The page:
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Alaska Department of Fish and Game


Waterfowl Hunting in Alaska
License and Duck Stamp Requirements

Resident Hunters

All Alaska residents age 16 or older must possess a hunting license to hunt in Alaska and must carry it while hunting. Resident hunters 60 years old or older may obtain a free, permanent identification card issued by the Department. This card replaces the sport fishing, hunting, and trapping licenses. Disabled veterans qualified under AS 16.05.341 may receive a free hunting license. Residents with an annual family income below $8,200 (before taxes) may buy a low income license.

Nonresident and Alien Hunters

All nonresident hunters, regardless of age, must possess the appropriate nonresident or nonresident alien hunting license. Nonresidents may buy a small game license.

Nonresident Military Personnel

Members of the military service on active duty who are permanently stationed in the state, and their dependents who are living in the state, and are not yet Alaska residents under AS 16.05.940(24), may buy a special nonresident military small game license or a non-resident small game license.

2014 Duck Stamp

The 2014 duck stamp features a photo of a male white-winged scoter in flight by photographer Milo Burcham of Cordova, AK. The white-winged scoter is the largest of the three scoter species weighing about 3.5 pounds and is distinguished primarily from the black scoter and surf scoter by the all-white speculum on the secondary feathers of their wings. Adult male white-winged scoters are black with a white eye patch and a colorful bill with a knob at the base. The dark brown females lack the eye stripe, have two whitish patches on the side of their head, and have brown eyes. White-winged scoters can be found wintering in large bays and estuaries of coastal Alaska from the Aleutian Islands to the Southeastern panhandle. This western population of white-winged scoters is distributed down throughout the Pacific coast of Canada and United States south to Baja California. As spring approaches, white-winged scoters are among the last ducks to leave their wintering grounds for their breeding areas and summer habitat. Freshwater and brackish lakes found in the northern boreal forests of Alaska and northwestern Canada make-up the primary summer habitat and breeding grounds for white-winged scoters. The North American population of white-winged scoters (Atlantic and Pacific populations) is believed to be between 500,000 and 800,000 birds. The broad estimate is because scoter species are difficult to distinguish during aerial surveys. The white-wing scoter is believed to be the most abundant of the scoter species.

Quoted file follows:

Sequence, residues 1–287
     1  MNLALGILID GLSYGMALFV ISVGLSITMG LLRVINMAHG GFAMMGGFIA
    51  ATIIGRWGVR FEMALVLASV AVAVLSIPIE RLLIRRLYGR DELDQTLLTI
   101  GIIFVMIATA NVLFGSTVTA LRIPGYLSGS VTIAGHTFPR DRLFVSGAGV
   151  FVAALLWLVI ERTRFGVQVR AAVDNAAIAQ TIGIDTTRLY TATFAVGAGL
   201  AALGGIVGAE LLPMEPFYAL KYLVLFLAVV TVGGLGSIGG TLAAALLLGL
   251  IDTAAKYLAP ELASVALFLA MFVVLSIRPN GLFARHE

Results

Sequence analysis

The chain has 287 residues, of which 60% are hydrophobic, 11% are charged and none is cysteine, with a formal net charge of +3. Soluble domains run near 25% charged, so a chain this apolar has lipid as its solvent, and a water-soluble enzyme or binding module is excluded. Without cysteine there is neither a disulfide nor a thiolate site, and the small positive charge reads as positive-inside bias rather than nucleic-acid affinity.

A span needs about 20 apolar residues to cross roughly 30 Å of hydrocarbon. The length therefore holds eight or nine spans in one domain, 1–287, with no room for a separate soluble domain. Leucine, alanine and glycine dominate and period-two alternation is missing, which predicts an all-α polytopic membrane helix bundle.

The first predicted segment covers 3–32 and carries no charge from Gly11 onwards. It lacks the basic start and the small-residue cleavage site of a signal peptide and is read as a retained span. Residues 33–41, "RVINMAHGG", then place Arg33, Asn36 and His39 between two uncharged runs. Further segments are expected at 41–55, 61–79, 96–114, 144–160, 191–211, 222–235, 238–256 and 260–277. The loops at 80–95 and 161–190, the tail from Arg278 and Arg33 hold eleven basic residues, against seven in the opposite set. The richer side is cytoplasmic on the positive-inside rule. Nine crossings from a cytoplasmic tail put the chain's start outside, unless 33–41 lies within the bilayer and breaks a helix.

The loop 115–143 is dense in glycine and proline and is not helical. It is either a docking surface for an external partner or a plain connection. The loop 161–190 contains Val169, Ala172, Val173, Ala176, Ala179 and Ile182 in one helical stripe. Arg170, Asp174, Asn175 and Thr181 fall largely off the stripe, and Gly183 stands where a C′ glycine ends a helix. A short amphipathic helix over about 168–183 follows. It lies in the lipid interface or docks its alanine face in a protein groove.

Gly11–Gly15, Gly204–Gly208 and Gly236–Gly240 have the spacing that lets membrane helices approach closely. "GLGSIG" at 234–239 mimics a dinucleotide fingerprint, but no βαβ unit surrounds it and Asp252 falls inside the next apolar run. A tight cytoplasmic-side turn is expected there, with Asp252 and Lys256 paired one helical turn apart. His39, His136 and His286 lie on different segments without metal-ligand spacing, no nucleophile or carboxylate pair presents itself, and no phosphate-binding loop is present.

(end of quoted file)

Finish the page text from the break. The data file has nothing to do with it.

State and Federal Duck Stamps

All waterfowl hunters 16 years of age or older must have a current federal Migratory Bird Hunting Stamp. An Alaska Waterfowl Conservation Stamp is also required unless you:

  • are an Alaska resident under the age of 16;
  • are an Alaska resident 60 years old or older;
  • are a disabled veteran eligible for free license; or
  • qualify for a low income license.

State and Federal stamps must be signed in ink and must be carried at all times while hunting waterfowl. Stamps do not have to be attached to a hunting license. State and federal stamps are not required if hunting only snipe and cranes.

Proof of HIP Enrollment

All migratory bird hunters that are required to have a state duck stamp are also required to enroll in the Harvest Information Program (HIP) and must carry proof of enrollment while hunting—the serial number on the back of state duck stamps is the HIP number. Hunters who are not required to have a state stamp need not enroll in HIP, but are encouraged to do so voluntarily.

License Fees at Work

The Alaska Waterfowl Conservation Stamp program was authorized by the 1984 Alaska State Legislature to manage and enhance Alaska’s waterfowl and their habitats and to provide public appreciation and benefits of waterfowl as national and international resources.  Since 1985, the Alaska duck stamp program has raised over $3 million.

Hunting license and state duck stamp fees contribute to the state’s Fish and Game Fund, reserved for the management of Alaska’s fish and wildlife resources. Royalties from the sale of duck stamp art prints, posters, and other products are considered General Fund revenue, allocated to the department by the Alaska Legislature for the Waterfowl Conservation and Enhancement Program. Your duck stamp license fees and other stamp revenues provide all of the funding for the state’s waterfowl management program and may not be used for other purposes.

Duck stamp funding allows the department to attract partner organizations such as Ducks Unlimited, The Nature Conservancy, and U.S. Fish and Wildlife Service for cooperative projects. To date, duck stamp dollars and cooperative funds have been used to acquire and improve valuable waterfowl habitat and public access sites, produce educational materials for schools and hunters, and develop interpretive facilities at major viewing areas.